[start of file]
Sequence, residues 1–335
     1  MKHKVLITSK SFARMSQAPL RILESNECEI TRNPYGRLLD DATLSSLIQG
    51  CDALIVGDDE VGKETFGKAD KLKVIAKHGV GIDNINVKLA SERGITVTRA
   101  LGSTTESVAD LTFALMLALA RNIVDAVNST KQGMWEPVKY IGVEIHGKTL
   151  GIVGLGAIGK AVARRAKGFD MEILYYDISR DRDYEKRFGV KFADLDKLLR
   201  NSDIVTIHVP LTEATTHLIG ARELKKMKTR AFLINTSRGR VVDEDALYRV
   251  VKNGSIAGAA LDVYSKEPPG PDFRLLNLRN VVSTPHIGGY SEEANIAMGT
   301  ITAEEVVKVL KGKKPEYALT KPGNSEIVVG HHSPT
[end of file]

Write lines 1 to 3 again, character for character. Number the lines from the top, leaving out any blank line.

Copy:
Sequence, residues 1–335
     1  MKHKVLITSK SFARMSQAPL RILESNECEI TRNPYGRLLD DATLSSLIQG
    51  CDALIVGDDE VGKETFGKAD KLKVIAKHGV GIDNINVKLA SERGITVTRA